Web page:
Dak Prescott acquitted himself well Sunday afternoon, especially for a rookie starting in Week 1. He committed no turnovers, made sound decisions, commanded the Dallas Cowboys’ offense with calm and may have led a last-minute, game-winning drive if not for a teammate’s bone-headed play. But if the Cowboys do not let Prescott do more, or if he is unable of doing more, then the Cowboys are in trouble until starter Tony Romo returns.
Prescott came from a spread system at Mississippi State, and he only became the Cowboys’ starter when Romo suffered a broken back in the preseason. He could not have a complete handle on the Cowboys’ playbook yet, and so time should bring improvement. But in his regular season debut, a 20-19 loss to the New York Giants, which followed a scintillating preseason, he appeared to operate a limited attack lacking deep passes and incapable of incorporating Dez Bryant, Dallas’s best player.
Once the New York Giants figured it out, they rendered Prescott ineffective. Other teams will, too, if he does not show improvement or receive more chances to stretch the field.
Prescott had one glaring problem. He barely passed deep, and when he tried, he usually failed. In total, Prescott completed 25 of 44 passes for 227 yards — a paltry 5.15 yards per attempt. Almost all the damage he did came in small doses. Prescott attempted seven deep passes and completed only one of them, a 21-yard corner pattern in the second quarter, his longest completion of the game.
As Prescott rarely tried to throw deep — while proving incapable when he did — the Giants compressed their defense to stop short passes. In the second half, Prescott did not gain more than 11 yards until the final drive, when he dumped a pass to Lance Dunbar and the running back scampered ahead for 16 yards. In the second half, Prescott completed 10 of 21 passes for just 84 yards, 4.0 yards per attempt.
The Cowboys’ offense was a procession of screens, slants and check downs. In other words, it did not fit Bryant’s skill set at all. Prescott targeted Bryant five times and completed only one of those passes, an eight-yard out for his first completion of the game. Prescott lacked accuracy on his deep balls all game, and the Cowboys didn’t call many, which turned their best player into a hood ornament.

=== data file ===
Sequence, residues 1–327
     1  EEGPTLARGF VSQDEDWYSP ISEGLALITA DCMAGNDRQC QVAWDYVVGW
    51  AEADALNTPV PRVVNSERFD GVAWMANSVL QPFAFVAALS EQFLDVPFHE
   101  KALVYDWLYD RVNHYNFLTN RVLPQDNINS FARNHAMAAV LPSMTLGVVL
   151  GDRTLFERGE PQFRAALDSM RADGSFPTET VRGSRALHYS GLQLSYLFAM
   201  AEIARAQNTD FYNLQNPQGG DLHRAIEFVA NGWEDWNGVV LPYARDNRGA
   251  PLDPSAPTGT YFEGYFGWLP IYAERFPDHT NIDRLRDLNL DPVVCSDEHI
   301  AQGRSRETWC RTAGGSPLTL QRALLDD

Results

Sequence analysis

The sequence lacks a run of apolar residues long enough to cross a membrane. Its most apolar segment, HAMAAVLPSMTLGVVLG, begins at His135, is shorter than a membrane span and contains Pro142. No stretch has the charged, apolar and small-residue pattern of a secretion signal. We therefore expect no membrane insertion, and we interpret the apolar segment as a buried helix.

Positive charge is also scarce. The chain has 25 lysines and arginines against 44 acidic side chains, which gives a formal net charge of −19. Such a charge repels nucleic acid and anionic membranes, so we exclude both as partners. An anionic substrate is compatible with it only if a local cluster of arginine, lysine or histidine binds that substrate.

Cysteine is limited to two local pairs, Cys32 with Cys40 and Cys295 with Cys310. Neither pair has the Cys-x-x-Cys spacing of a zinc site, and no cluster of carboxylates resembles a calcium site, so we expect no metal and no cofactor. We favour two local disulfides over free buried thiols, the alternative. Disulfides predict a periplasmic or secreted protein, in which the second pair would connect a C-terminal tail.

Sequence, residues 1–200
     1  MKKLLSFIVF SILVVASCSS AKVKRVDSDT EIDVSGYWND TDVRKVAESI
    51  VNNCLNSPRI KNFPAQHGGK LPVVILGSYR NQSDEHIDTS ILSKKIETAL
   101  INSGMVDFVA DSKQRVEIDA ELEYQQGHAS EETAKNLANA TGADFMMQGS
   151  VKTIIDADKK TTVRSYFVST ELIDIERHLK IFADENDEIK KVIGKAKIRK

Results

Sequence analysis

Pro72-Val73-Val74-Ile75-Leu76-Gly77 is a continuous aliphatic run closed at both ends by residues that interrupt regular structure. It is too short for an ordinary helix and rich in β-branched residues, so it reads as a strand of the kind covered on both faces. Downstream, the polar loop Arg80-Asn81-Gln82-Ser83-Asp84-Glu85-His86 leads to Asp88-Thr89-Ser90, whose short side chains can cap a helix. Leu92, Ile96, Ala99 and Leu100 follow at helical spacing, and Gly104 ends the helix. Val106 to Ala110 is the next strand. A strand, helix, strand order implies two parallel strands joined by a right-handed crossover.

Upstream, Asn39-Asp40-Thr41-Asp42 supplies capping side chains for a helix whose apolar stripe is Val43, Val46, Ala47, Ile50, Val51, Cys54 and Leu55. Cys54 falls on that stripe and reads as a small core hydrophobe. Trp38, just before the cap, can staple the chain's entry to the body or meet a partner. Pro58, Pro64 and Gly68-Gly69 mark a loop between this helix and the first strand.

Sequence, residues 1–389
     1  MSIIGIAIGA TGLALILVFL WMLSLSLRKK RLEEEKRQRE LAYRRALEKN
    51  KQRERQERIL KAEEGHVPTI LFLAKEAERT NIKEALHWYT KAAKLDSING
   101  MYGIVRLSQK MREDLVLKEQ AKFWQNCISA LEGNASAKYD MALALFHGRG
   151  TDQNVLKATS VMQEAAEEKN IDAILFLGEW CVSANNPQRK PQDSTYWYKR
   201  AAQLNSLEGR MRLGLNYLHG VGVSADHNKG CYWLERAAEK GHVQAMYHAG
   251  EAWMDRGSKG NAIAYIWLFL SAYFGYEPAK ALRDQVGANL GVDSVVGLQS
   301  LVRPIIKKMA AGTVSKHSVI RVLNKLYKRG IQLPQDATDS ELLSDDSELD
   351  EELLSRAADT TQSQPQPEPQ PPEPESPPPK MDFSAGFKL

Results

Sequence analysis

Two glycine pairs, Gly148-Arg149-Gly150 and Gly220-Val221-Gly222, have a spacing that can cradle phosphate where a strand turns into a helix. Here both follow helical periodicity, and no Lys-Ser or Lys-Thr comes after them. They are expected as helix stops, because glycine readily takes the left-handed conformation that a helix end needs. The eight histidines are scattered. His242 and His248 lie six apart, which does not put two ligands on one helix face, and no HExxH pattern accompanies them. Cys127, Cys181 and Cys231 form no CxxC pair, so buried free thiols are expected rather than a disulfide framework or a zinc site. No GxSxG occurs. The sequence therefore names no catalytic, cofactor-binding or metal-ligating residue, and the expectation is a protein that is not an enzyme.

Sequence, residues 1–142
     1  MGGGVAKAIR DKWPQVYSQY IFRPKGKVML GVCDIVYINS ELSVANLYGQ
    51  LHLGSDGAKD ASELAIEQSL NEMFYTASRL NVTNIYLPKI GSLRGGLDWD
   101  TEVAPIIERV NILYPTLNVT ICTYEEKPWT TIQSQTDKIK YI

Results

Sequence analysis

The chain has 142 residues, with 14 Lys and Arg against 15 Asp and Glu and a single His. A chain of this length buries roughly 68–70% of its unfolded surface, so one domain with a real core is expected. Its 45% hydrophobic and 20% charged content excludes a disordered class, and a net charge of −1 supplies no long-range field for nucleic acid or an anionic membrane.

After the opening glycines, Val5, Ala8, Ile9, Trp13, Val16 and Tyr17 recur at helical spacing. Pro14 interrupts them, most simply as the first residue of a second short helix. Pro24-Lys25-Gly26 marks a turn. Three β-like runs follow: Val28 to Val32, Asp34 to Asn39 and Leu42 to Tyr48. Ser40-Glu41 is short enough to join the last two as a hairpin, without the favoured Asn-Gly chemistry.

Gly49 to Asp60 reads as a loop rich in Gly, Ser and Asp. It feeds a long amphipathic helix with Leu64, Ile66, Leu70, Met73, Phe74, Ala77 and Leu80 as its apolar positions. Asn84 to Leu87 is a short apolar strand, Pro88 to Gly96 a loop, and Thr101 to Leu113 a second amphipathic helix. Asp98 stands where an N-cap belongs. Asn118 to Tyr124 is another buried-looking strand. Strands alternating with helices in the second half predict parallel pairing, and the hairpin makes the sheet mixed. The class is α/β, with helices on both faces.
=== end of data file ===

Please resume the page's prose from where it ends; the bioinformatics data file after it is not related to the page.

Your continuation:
It’s telling that Prescott threw 14 passes in tight end Jason Witten’s direction and 12 to slot receiver Cole Beasley. The entire Dallas passing offense came in short bursts in the middle of the field. NFL defenses are too good for that to work an entire game.
The Cowboys may have to be creative in order to coax more deep passes out of Prescott. In the second quarter, he hit backup tight end Geoff Swaim for 21 yards on a play-action, rollout pass. Prescott faked the handoff, scooted left and fired across his body. The rollout enabled Prescott to read only half the field, and the pattern — two short options and Swaim deep — made it easy for the rookie to read.
Prescott showed why the Cowboys have such confidence in him. On the final drive, he still used check downs mostly, although he rifled a 15-yard out to Beasley for a crucial first down on third and long — the longest pass he completed through the air all half. He might have become an instant hero had Terrance Williams not taken one of his dump-offs upfield rather than going out of bounds. The clock expired, never giving dynamite-legged Dallas place kicker Dan Bailey a chance.
It’s possible experience and continued comfort from Dallas coaches will allow Prescott to express his full talent. He has plenty of arm strength, and in the preseason he showed touch on deep balls. But his actual debut left one clear takeaway: Prescott is a poised quarterback who needs to throw deep more often, whether that means coaches have to let him or he needs to improve. Fast.